5. jarjarbinks

    jarjarbinks Misa want to learn! Active Member

    Moon baby,

    Can you tell me more about Symetrix and Rane?

    Im open to the new-old stuff!

    Under the emergency status, I I bought the inexpensive Behringer HA400, and it kinda did the trick, but I want to be able to send "more me" cue mixes to all the musicians in the studio.
  6. jarjarbinks

    jarjarbinks Misa want to learn! Active Member

    Oh absolutely, Redco that was my first go to place. They guys at Redco responded within hours and recommended their own power amp.

    Thing is, for the almost the same price I can get an extra set of 4 channels for cue mixes. Am I wrong here?

  7. moonbaby

    moonbaby Mmmmmm Well-Known Member

    There is nothing special about the features the RANE or the Symetrix units offer, pretty basic stuff, just built tough with plenty of output power. My Rane has a stereo input as a "master", but each of the 4 channels has its' own input jack as well. When you plug into that , it overrides the master input so that you can feed that headphone channel with a different mix. I run 4 different mixes out of the Allen & Heath into the Rane. I have even used that rig to drive headphones for LIVE horn players in a Latino big band...it CRANKS! The Rane has the power to push CLEAN audio to all sorts of 'phones, including IEM's. The main difference between the cheaper boxes and these is that companies like Rane and Symetrix design products with beefier power supplies that deliver more operating current without distortion. You get what you pay for , mi amigo, it is up to you whether the price is justifiable.
  8. bouldersound

    bouldersound Real guitars are for old people. Well-Known Member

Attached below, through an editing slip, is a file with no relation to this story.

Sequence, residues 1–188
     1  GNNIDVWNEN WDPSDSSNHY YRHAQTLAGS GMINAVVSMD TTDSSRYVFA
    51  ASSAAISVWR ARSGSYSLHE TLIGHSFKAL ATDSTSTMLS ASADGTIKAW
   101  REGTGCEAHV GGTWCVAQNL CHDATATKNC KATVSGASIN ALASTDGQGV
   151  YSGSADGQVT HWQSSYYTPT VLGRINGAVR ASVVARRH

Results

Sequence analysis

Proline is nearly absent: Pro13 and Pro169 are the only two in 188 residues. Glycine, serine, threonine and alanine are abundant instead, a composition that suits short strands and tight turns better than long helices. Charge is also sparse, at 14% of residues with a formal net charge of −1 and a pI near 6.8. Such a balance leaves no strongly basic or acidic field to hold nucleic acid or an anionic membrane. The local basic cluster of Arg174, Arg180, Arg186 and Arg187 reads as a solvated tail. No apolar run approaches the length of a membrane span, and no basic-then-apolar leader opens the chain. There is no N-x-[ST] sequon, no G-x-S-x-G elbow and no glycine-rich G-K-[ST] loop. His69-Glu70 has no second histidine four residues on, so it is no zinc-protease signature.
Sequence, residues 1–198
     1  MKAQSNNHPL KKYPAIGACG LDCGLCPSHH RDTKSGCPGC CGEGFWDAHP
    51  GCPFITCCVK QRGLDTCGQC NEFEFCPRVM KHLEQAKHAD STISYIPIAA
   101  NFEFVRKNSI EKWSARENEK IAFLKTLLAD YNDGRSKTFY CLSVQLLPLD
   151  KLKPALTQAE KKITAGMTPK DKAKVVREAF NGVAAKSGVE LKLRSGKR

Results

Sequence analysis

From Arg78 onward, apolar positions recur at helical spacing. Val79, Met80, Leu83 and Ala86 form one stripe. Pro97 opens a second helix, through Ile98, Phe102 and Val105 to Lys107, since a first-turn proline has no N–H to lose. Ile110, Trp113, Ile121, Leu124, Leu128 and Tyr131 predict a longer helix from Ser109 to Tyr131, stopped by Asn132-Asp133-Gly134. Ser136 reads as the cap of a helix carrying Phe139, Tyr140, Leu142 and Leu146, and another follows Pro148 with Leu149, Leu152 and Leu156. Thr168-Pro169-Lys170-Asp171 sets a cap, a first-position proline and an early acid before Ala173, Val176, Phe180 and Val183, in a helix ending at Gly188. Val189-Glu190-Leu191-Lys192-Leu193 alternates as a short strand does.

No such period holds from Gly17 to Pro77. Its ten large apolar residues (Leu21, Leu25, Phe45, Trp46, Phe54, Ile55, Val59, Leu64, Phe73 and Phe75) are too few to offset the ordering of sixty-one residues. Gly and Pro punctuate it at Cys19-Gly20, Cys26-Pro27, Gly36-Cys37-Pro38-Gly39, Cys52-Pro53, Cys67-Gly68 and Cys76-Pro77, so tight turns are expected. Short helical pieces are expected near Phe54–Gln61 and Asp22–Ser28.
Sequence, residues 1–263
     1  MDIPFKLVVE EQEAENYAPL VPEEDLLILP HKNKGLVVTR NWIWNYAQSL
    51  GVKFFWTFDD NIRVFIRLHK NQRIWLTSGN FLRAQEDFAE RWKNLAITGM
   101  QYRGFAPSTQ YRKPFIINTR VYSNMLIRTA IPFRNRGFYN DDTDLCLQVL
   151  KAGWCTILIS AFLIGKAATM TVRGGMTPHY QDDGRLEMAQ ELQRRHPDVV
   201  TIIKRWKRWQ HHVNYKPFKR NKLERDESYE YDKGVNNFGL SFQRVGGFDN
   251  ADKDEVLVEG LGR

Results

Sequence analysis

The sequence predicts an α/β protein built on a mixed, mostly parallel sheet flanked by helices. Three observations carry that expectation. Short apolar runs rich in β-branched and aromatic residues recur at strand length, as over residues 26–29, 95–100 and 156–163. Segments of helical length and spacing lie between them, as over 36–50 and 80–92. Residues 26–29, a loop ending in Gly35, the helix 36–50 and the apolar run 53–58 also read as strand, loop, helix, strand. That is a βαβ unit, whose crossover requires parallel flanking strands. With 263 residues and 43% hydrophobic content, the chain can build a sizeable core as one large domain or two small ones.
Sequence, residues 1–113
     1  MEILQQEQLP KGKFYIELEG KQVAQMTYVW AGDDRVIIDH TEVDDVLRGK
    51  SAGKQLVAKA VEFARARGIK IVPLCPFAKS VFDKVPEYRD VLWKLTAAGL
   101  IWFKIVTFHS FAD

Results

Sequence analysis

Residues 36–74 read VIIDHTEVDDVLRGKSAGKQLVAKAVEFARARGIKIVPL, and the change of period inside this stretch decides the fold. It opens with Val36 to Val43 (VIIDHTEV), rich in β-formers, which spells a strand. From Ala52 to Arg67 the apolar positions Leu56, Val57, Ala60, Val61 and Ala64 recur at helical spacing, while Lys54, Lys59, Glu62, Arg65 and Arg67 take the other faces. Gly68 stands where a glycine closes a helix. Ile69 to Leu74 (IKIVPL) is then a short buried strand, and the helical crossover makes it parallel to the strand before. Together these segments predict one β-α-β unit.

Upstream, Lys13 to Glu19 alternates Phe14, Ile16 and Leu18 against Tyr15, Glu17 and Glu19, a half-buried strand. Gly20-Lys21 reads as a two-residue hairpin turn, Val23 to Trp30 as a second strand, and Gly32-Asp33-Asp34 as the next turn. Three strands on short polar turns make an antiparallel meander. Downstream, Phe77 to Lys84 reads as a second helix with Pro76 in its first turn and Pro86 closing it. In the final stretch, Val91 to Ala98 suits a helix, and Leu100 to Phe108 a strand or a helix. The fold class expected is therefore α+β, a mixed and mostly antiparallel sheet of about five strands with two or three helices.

If you have direct outputs on your mixer you can build a cable for "more-me" to the aux input. Using unbalanced cable you connect the shield to ring+sleeve and the conductor to the tip of the direct output end and connect the shield to the sleeve and the conductor to tip+ring of the aux input end.
  9. RemyRAD

    RemyRAD Guest

    For the more " me " part of headphone mixes, those newer digital units that allow for 4-8 discrete inputs are really the way to go. But you're talking about a few hundred dollars for each headphone station for each musician. At least it's all carried on CAT 5 cabling. Then in your control room, you need to be able to send separate stems for each musician to create their own headphone mix. This is not what simple bedroom headphone amplifiers generally offer, nor project studios. You are talking about a fairly comprehensive and complex headphone monitoring system. What? Do you think everybody had separate " more me " headphone systems back in the 1970s/80s/90s? Well they didn't. It was up to the engineered to provide a decent working headphone mix for everybody. So compromises not a dirty word. But lousy engineering is. Wasn't all available for $50. If you want to pro, you'll have to pay for pro and that probably exceeds what you paid for your entire recording system. So some things are just not truly realistic regardless of what you might want. You either just have to learn how to live with something or you just have to learn how to live without something. Money can get you anything. No money can't.